Apple may have crossed a crucial line in the sand in its dance to squash budding unions.
The National Labor Relations Board on Tuesday reportedly filed a complaint against Apple accusing the tech giant of illegally intimidating and discriminating against employees at a New York City retail store. The official complaint follows months of allegations of interference and intimidation from workers in at least three Apple stores nationwide.
First reported by Bloomberg, the filing accuses Apple of prohibiting workers from placing pro-union materials in a store’s break room while simultaneously letting employees hand out non-union solicitations. The complaint reportedly bears out two allegations lodged earlier this year by the Communication Workers of America which claimed Apple interrogated employees at its World Trade Center location about their support for unions and forced them to attend anti-union presentations. Those complaints came within weeks of similar union-busting allegations at an Apple store in Atlanta.
Apple did not immediately respond to Gizmodo’s request for comment but disputed the NLRB’s complaint in a statement sent to Bloomberg.
“We are fortunate to have incredible retail team members and we deeply value everything they bring to Apple,” Apple said on Tuesday. “We regularly communicate with our teams and always want to ensure everyone’s experience at Apple is the best it can be.”
“It is past time for Apple’s senior management to respect its retail employees and stop its unlawful and heavy-handed attempts to prevent them from forming unions,” CWA Secretary-Treasurer Sara Steffens said in a statement to Gizmodo. “The NLRB has made it clear that it will hold tech corporations like Apple liable when they break labor law and violate the rights of workers. Apple has a choice - does it want to be known for intimidating its workers and creating a culture of fear or does it want to live up to its stated values and welcome true collaboration with all of its employees - including retail workers.”
The NLRB did not immediately respond to Gizmodo’s requests for comment.
This week’s NLRB complaint represents some of the clearest evidence yet of Apple’s increasingly open anti-union behavior amid a period of growing mobilization within its retail stores. Union talks at Apple retail stores date back to at least February when reports emerged suggesting several workplaces successfully obtained backing from major unions. Amongst other areas of concern, workers at those locations are reportedly unsatisfied with wages that haven’t kept up with inflation at one of the world’s most valuable companies.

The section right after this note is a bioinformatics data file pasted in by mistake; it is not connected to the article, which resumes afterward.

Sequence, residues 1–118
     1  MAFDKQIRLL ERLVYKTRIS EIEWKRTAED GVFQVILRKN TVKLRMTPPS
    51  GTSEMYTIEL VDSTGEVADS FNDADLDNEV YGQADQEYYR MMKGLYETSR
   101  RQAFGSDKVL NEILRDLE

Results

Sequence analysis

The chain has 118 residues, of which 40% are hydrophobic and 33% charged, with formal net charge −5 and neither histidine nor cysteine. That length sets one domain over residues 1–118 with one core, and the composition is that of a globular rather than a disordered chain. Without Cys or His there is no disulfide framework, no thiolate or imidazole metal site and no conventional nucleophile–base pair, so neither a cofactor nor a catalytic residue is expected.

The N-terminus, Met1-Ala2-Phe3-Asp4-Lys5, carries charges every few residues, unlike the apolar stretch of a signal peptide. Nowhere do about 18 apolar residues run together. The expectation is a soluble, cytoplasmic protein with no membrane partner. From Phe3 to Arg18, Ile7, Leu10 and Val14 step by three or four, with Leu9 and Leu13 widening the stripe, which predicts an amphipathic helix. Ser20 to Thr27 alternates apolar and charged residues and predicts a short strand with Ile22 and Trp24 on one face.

Though union membership rates nationwide dipped last year and are generally caught in a downward spiral compared to 20th-century highs, those same trends don’t necessarily track within tech. Across the industry, 12 new unions emerged last year along with 69 reported instances of collective action according to data from the group Collective Action in Tech.
That momentum carried over to 2022. Amazon workers in a Staten Island fulfillment center became the company’s first workforce to unionize at the company despite aggressive, ruthless tactics to crush it. Just months later, Apple retail workers in Maryland voted to form the first union in that company’s history. Now an Apple store in Oklahoma is looking to follow suit. Each of these cases, while written off by Amazon and Apple as mere one-offs, has nonetheless set the spark for what organizers hoped could amount to a tech labor wildfire. They’ve also had the secondary effect of making some large firms like Microsoft release statements seemingly softening their stance towards potential unions.
Other tech giants like Apple and Amazon haven’t shown much interest in easing up already hot tensions with unionizing workers. Just this week Amazon reportedly suspended around 50 of its night shift warehouse workers who refused to work the previous day after a cardboard compactor allegedly caught fire. The impacted workers, who were suspended with pay indefinitely while Amazon conducts an investigation, worried lingering smoke wafting through the warehouse could pose a health risk.
“We were getting first-hand reports about both smoke and water flowing in response to the fire itself,” The Amazon Labor Union said in a statement. “And when workers demanded the right to speak together as a union, Amazon then increased their intimidation by informing us that key worker leaders have now been suspended for doing exactly what workers voted for, coming together to make a plan that we as frontline workers felt safe on the job.
So far, Apple’s managed to walk an anti-Union tightrope. On the one hand, they’ve clearly signaled their preference for a non-unionized workforce but have also so far managed to present those preferences without the same level of Monopoly Man-style absurdity deployed by Amazon. More complaints from the NLRB and other authorities documenting aggressive conduct however could complicate the company’s relatively cautious image.